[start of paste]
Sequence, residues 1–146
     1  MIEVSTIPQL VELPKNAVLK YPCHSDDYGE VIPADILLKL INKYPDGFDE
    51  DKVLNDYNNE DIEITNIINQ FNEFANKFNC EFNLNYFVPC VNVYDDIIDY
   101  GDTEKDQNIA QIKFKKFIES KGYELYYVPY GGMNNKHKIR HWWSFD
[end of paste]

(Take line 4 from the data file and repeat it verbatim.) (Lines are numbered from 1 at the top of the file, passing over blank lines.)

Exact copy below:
   101  GDTEKDQNIA QIKFKKFIES KGYELYYVPY GGMNNKHKIR HWWSFD